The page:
WSS completes another busy year! In 2017, we added a wide range of resources to our online resource library, covering topics such as career pathways, re-entry initiatives, self-employment training programs, and more. Highlighted in this announcement are the three resource profiles with the most online views on WSS in 2017. As you continue to visit the collection, look forward to seeing more focused announcements that highlight evidence-based research and emerging practices in 2018!

Key “Soft Skills” that Foster Youth Workforce Success: Toward a Consensus across Fields. 2015. This report reviews existing research and input from stakeholders, such as employers and workforce professionals, to identify the soft skills that are most critical for workforce success of youth ages 15 to 29. The authors identify social skills, communication skills, high-order thinking, self-control, and positive self-concept as the key skills that help youth succeed in the workforce. The report provides five priority areas for future research that may enhance stakeholders’ understanding of the role soft skills play in workforce success. One area suggests that future research examine “how soft skills, independently and together, relate to academic and technical skills, and how they might be integrated into general and technical education.”            


Portable, Stackable Credentials: A New Education Model for Industry-Specific Career Pathways. 2012. This paper examines career pathways – within the U.S. and in other countries – as a model for meeting the needs of the labor market, as well as the individual worker. The report suggests that “at the core of a [well-design career pathways] system are portable and stackable credentials that enable students of all ages to build careers with family-sustaining, middle class incomes.” The report describes career pathways strategies around the world, as well as several promising examples within the US. One such example is Pathways in Technology Early College High School in New York City, which “offers skills-based career preparation in the IT field to students in grades nine through a two-year post-secondary program, adding the powerful component of industry involvement.” The paper closes with recommendations for developing more coordinated career pathways systems.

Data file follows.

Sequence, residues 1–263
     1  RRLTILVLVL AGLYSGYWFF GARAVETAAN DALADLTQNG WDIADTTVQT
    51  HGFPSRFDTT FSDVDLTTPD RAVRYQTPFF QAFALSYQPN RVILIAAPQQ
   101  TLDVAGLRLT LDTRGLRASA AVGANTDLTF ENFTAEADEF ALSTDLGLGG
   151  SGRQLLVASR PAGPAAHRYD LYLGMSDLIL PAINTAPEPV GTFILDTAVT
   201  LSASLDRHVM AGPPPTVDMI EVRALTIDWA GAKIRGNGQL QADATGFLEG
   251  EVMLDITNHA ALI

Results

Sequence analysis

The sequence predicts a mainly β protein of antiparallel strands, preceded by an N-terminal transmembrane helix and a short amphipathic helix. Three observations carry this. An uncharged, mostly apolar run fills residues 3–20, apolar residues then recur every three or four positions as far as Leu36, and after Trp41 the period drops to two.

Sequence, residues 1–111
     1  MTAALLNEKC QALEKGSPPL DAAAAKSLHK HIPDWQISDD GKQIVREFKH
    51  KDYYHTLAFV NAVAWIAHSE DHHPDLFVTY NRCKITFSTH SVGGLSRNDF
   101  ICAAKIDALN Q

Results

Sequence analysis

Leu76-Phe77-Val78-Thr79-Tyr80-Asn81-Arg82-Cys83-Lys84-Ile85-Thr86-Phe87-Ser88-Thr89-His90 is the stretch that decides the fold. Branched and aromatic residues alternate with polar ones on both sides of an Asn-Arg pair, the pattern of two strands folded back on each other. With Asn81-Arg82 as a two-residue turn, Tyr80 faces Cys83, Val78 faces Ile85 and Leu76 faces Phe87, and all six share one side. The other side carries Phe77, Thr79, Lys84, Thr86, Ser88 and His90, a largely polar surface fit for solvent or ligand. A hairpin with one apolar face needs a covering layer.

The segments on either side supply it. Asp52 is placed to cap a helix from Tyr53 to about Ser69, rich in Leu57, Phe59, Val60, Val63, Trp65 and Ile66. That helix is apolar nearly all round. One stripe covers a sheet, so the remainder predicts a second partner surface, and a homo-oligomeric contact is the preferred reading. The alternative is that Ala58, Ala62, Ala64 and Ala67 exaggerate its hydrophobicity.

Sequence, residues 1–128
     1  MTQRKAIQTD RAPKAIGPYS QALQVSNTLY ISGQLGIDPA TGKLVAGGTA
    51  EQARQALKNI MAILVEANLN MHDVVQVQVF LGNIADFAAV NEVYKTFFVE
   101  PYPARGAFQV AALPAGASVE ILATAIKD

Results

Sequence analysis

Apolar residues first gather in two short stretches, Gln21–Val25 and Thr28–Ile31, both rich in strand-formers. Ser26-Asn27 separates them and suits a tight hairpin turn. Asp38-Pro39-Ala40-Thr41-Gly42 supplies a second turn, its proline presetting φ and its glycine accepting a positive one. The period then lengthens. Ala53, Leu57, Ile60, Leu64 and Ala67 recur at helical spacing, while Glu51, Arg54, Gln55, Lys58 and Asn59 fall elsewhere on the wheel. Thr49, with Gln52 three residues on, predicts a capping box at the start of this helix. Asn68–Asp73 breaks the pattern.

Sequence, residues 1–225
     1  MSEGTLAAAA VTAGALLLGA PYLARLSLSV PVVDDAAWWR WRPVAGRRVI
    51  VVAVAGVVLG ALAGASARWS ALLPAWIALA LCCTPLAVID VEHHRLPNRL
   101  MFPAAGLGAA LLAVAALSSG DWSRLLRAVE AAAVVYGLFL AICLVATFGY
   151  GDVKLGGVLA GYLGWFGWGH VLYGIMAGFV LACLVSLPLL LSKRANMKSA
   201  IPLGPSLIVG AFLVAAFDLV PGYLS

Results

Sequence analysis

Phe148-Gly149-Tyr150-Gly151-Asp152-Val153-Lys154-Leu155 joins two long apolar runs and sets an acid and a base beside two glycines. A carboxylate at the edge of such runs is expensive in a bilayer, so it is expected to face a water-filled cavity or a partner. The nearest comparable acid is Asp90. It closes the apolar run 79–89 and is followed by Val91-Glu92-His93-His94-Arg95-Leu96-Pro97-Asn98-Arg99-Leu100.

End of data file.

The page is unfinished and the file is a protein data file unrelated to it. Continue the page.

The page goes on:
Career Pathways Toolkit: Six Key Elements for Success. 2011. This toolkit “offers a clear and user-friendly road map for administrators, service providers, practitioners, and policy makers seeking to develop career pathway systems at local, regional, and/or state levels.” Specifically, the toolkit outlines the Six Key Elements of Career Pathways, which were developed by federal agency representatives, subject matter experts, and the eleven grantees involved in the Career Pathways Initiative (2009-2010). The toolkit includes promising practices to help guide local and state teams through the key steps necessary for developing a comprehensive career pathways system.